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Our Divided Nature and Divided Thinking

Is it animal, vegetable or mineral? This standard question is made the standard by Carl Von Linné. He is a Swedish botanist, zoologist and the father of the taxonomy... the science of classifying organisms based on their similarities and differences. He separates nature into three kingdoms: animals, vegetables and minerals. Then he subdivides the kingdoms into classes, and then orders, and families and so forth. This is a slightly different system from the one used by evolutionists in the modern day, but Carl has pointed the way. He will jolt the scientific world into a new way of thinking... a new way of dividing up the world. In the years to come, Charles Darwin will propose a theory of evolution that he would have difficulty expressing without the work done in 1735 because in this same year a French scientist will suggest that it took 2 billion years for the world to be created instead of the previously believed 6,000 years. It is actually more like 4.5 billion years but this is a start. [1] [2] [3] [4][5] [6] [7]

My Take by Alex Shrugged
Western Thinking or Enlightenment Thinking is so new and radical that when I read the debates of ancient scholars, it is as if I have been transported to an alien world. The ancients were just as intelligent as we are today, but we divide the world differently now. Is it plant, or animal? Big or small? Hot or cold? Square or round? What color is it? We categorize objects and ideas into smaller and smaller groups until we can make assumptions based on similarities. This new process allows us to ask important questions such as: if birds have feathers and birds fly, why does a bat fly but an ostrich does not? If a Nazi and a Communist are both socialists, why is one called a right-wing fascist but the other is called a left-wing collectivist? Whatever the answer to these questions, the miracle of modern thinking is that it occurs to us to ask these questions in the first place! Enlightenment thinking has spread like a virus, but I assure you that when you get this virus, you are cured... mostly. [8]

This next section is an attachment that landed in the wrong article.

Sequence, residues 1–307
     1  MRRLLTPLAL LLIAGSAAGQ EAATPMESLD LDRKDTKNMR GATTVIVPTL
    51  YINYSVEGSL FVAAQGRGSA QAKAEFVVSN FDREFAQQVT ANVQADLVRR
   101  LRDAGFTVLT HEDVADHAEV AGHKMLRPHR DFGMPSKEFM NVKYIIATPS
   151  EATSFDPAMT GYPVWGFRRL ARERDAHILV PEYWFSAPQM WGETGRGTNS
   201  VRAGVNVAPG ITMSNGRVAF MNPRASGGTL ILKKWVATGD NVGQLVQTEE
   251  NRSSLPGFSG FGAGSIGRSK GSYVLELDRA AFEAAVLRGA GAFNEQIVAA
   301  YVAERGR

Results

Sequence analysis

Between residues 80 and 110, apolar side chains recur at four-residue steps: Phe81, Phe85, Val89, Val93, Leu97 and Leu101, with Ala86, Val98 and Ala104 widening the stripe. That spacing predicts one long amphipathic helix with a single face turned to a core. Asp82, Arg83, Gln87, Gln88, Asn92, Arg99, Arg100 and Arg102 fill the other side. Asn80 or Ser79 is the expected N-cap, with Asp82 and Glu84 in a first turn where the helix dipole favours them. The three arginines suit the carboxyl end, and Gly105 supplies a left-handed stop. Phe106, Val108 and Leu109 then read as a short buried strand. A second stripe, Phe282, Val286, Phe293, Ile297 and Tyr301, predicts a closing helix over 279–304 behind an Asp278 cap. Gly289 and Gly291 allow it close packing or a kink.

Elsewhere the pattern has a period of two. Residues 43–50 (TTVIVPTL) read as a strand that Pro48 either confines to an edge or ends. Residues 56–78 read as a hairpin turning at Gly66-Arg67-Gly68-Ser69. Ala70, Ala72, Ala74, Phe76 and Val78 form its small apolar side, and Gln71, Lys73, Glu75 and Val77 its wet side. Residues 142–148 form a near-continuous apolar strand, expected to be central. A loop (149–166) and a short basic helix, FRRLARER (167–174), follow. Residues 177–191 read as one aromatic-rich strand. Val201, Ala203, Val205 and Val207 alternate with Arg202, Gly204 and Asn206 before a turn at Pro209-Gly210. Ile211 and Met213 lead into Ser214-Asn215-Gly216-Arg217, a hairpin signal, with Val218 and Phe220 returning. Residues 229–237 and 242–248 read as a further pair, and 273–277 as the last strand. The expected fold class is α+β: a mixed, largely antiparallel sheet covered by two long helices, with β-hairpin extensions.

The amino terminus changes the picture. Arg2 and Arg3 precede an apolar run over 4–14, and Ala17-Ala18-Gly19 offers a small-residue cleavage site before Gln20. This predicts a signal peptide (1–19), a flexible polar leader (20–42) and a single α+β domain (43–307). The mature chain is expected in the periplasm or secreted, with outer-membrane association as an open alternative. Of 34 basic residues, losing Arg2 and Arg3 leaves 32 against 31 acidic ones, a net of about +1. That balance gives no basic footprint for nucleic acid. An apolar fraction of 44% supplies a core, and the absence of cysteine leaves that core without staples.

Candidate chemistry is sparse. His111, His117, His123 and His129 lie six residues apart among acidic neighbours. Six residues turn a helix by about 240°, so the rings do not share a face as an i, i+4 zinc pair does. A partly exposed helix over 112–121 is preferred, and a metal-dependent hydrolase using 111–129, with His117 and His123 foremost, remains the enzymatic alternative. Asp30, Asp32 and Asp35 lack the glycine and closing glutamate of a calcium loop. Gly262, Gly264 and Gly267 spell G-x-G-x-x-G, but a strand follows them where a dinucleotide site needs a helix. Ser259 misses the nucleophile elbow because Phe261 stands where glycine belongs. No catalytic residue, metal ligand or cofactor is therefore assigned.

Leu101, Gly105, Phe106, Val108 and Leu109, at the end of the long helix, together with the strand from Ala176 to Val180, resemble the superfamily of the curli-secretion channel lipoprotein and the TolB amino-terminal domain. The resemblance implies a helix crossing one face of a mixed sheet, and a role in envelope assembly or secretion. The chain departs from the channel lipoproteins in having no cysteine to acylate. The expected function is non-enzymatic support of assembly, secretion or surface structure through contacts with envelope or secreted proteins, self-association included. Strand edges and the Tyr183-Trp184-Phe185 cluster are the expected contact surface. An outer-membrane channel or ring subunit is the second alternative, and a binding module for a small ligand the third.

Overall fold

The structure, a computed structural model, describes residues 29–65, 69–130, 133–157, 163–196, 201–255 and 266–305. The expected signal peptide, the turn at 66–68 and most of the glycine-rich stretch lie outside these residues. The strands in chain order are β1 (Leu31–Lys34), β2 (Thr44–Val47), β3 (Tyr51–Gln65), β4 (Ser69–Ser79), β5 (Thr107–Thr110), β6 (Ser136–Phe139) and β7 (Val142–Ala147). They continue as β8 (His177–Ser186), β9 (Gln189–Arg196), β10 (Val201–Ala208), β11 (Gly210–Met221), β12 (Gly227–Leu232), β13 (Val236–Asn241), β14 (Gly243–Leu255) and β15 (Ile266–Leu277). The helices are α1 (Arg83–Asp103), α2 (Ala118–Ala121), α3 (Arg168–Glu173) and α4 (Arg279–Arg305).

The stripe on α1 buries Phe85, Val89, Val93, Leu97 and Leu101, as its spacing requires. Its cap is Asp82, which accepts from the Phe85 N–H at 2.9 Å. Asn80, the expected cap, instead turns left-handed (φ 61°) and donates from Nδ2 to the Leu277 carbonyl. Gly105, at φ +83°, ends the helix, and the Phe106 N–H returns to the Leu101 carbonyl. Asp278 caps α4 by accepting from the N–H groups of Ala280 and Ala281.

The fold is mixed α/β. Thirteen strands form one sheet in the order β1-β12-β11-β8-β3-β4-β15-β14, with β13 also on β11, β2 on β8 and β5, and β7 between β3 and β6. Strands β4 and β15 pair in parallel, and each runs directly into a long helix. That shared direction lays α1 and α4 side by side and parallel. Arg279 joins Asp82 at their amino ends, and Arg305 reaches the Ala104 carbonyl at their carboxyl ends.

Paul Revere is Here!

Paul Revere is born in the North End of Boston on New Years Day of 1735 according to the modern calendar, but they are not using the modern calendar so it is December 21, 1734. His father is a goldsmith so Paul will grow up being apprenticed to his father as a gold and silversmith. As he grows up under British rule he will become involved in a secret conspiracy to rebel against the British government (called the Sons of Liberty) and he will find ways to cause havoc and destruction, but let's leave that discussion for another time. The bottom line is that Paul Revere will do critical work for the American Revolution, especially when it comes to delivering messages fast and he will be able to explain the reasoning behind the messages because he will be closely involved with the leadership of the Revolution. After the Revolution he will remain a local hero and an accomplished silversmith until a famous poet turns him into a national celebrity. [6] [9] [10] [11]

My Take by Alex Shrugged
Of course, the famous poet was Henry Wadsworth Longfellow. He wrote The Midnight Ride of Paul Revere which is an exciting poem, but he takes some "liberties" with the actual story. At this late date, I'm not sure the details matter any more. Who cares that he borrowed the horse? Who cares what time he left? Paul's task was to get a message to John Hancock and Samuel Adams that the British were coming by sea. Along the way, he made a lot of noise. Someone shouted that he should keep the noise down. He replied, "Noise! You'll have noise enough before long. The regulars are coming out!" He delivered his message and afterward was caught by a British patrol. They held him for a while and then let him go. He had to find his way back without the horse.
  • The following is the beginning of the Wadsworth poem, but it is the part that most people remember...
Listen my children and you shall hear
Of the midnight ride of Paul Revere,
On the eighteenth of April, in Seventy-five;
Hardly a man is now alive
Who remembers that famous day and year.
He said to his friend, 'If the British march
By land or sea from the town to-night,
Hang a lantern aloft in the belfry arch
Of the North Church tower as a signal light,--
One if by land, and two if by sea;
And I on the opposite shore will be,
Ready to ride and spread the alarm
Through every Middlesex village and farm,
For the country folk to be up and to arm.' [12]

Damning with Faint Praise